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This is a good chance to stop our dependence on DNS and move to things such as .onion domains instead (which by the way help avoid the whole certificate CA mess).





I believe the problem is the lack of protocols implemented in browsers. It's needlessly fragile to have a single route to the data.

"Web pages only last about 100 days on average"[1]

http was nice, we gave it a good spin, it was certainly close enough for the cigar but in all honesty... where you have 100 days to find the content you want to consume it is not even a reasonable approach. I bet a lot of it is still available some place but whoever archived it legally may not distribute it without permission.

I really don't care if TOR, IPFS, freenet or zeronet work out of the box. If it means access to more content its great. I don't even know how to use gopher atm.

Good stuff is happening[2] but where they apparently chose to make it an extension is pretty lame.

also..

If the user types "salvation army" into the browser we know what they want. Selling the rights to deny access is not what we need.

[1] - http://blog.archive.org/2015/02/11/locking-the-web-open-a-ca...

[2] - https://blog.ipfs.io/2019-10-08-ipfs-browsers-update/


Absolutely agree. Every site should also available on the onion network. This would put some pressure on DNS operators. This would also help dissociate the onion network from criminal activity. The more sites become available as hidden services, the more legitimate the network becomes.

I agree, but I would say that .onion addresses should already be seen as being entirely legitimate. Let's not forget that Facebook's onion address (facebookcorewwwi.onion) is the main target of "darknet" traffic by a very wide margin.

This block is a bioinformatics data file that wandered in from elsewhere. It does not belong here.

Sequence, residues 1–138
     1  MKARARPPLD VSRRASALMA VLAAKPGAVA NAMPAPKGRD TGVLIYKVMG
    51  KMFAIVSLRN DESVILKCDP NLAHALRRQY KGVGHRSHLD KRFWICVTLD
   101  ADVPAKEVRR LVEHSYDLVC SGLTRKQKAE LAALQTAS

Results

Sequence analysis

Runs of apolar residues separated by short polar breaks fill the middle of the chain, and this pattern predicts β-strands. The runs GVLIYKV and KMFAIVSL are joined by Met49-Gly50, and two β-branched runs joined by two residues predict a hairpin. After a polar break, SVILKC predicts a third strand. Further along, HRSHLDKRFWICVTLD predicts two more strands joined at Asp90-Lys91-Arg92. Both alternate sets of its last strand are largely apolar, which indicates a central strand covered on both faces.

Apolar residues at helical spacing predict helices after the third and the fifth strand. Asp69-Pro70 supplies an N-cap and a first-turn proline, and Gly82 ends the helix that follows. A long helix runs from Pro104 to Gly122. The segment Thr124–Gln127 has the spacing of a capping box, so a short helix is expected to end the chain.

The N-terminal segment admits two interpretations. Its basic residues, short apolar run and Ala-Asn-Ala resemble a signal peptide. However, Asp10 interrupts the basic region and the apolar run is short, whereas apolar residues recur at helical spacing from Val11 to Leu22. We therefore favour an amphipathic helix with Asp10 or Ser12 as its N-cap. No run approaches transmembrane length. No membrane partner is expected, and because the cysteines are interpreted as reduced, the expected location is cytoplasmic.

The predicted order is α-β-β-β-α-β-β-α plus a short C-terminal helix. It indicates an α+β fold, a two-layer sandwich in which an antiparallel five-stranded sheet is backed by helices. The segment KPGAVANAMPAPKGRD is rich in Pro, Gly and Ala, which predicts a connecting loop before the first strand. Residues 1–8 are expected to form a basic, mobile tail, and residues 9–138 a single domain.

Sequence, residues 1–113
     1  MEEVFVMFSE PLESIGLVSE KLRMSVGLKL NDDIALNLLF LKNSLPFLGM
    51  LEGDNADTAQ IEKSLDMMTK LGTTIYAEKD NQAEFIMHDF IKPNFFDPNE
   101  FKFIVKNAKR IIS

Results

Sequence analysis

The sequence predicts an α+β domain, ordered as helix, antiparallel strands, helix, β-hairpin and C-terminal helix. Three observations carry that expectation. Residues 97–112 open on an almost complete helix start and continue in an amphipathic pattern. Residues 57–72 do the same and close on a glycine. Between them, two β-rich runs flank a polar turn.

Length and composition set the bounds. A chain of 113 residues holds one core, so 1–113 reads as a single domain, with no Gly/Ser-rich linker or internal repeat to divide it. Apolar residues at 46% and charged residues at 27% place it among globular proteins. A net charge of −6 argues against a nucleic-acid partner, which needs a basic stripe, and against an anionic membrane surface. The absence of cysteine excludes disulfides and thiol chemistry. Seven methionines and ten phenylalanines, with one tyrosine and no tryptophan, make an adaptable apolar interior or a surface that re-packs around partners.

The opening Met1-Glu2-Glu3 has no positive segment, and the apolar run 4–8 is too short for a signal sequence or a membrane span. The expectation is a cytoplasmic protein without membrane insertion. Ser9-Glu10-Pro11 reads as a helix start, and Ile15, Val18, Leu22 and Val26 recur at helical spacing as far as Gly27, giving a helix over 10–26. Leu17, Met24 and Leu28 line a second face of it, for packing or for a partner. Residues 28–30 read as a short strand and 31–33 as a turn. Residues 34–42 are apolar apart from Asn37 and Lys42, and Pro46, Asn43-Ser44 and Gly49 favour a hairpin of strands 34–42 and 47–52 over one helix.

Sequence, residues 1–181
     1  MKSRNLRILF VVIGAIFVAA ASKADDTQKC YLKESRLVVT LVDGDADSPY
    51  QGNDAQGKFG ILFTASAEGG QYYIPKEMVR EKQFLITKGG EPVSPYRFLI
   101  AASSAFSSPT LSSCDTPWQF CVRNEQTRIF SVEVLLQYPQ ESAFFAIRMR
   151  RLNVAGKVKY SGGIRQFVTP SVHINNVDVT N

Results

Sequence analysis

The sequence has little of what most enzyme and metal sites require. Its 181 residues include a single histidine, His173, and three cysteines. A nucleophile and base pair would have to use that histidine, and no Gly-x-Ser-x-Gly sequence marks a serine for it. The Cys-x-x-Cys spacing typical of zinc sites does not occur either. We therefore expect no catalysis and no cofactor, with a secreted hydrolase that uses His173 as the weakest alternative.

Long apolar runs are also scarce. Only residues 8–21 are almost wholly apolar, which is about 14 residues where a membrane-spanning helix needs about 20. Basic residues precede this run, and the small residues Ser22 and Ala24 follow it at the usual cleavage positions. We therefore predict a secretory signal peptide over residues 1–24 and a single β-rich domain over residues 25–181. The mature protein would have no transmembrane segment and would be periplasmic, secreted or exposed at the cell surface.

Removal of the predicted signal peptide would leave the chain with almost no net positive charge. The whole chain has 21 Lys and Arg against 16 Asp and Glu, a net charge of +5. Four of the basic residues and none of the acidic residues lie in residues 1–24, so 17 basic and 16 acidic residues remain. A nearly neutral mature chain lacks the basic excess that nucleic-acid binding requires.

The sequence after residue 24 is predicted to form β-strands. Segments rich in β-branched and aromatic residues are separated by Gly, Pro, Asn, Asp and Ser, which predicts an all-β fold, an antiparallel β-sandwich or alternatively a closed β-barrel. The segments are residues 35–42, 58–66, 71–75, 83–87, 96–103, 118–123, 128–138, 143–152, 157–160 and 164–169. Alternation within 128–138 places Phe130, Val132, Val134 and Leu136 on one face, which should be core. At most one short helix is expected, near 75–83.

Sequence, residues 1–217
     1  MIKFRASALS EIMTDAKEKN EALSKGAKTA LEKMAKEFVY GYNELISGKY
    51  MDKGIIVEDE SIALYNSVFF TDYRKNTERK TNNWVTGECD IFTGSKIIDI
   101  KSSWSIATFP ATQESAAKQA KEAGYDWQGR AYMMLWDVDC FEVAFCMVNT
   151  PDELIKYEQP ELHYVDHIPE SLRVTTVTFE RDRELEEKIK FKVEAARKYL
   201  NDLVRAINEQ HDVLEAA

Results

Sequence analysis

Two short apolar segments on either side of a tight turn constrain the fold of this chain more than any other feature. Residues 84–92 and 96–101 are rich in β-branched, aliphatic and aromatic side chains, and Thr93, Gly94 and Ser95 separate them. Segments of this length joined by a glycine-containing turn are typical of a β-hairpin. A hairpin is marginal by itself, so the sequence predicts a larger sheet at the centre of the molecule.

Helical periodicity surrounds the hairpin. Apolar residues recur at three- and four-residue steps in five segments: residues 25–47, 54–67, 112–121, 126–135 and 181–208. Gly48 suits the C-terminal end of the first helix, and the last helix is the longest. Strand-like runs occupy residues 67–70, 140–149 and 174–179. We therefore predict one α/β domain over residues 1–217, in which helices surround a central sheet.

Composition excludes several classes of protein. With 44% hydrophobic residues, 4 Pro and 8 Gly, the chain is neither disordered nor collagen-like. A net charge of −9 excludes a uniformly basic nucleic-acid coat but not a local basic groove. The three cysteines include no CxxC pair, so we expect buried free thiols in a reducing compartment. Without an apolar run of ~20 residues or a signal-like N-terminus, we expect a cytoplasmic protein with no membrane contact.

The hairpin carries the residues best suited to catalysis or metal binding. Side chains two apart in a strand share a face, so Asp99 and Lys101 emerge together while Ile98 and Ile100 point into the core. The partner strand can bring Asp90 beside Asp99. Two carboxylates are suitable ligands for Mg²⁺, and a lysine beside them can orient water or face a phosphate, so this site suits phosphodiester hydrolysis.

> This is a good chance to stop our dependence on DNS and move to things such as .onion domains instead (which by the way help avoid the whole certificate CA mess).

.onion isn't a direct competitor for DNS. It does some of the things DNS does (e.g. a consistent identifier that sticks even if your IP address changes), and even does some things DNS doesn't (e.g. encrypted transport), but the names aren't human-readable. And it compromises the security if you try to pretend that they are by generating pretty keys, because the random junk on the end there is important.

Namecoin, on the other hand, is a direct competitor for DNS.

However, DNS itself is pretty well federated. You're at the mercy of the TLD operator, but that only means you need to be careful to choose a trustworthy one. On the other hand, if you had asked last year which of the TLD operators would be the least likely to screw you over, a lot of people would have said .org, so... maybe there is something to this whole cryptographic trust thing.


>but the names aren't human-readable

For many decades (before smartphones) the phone system lacked human-readable names and yet was extremely popular with non-technical users. Similarly, most web sites probably do not benefit much or at all from a human-readable name.

A bigger problem with .onion is probably the fact it is accessible only via a system (Tor) that has significantly longer response time than a standard web site tends to have.


> he phone system lacked human-readable names and yet was extremely popular with non-technical users.

First of all, phone numbers were pretty short, and were chunked and thus pretty easy for humans to memorize. Do you think the average human will be able to memorize a bunch of onion addresses?

Second, even with phone numbers, companies used the corresponding characters to the digits to create human readable names, for example 1-800-FLOWERS




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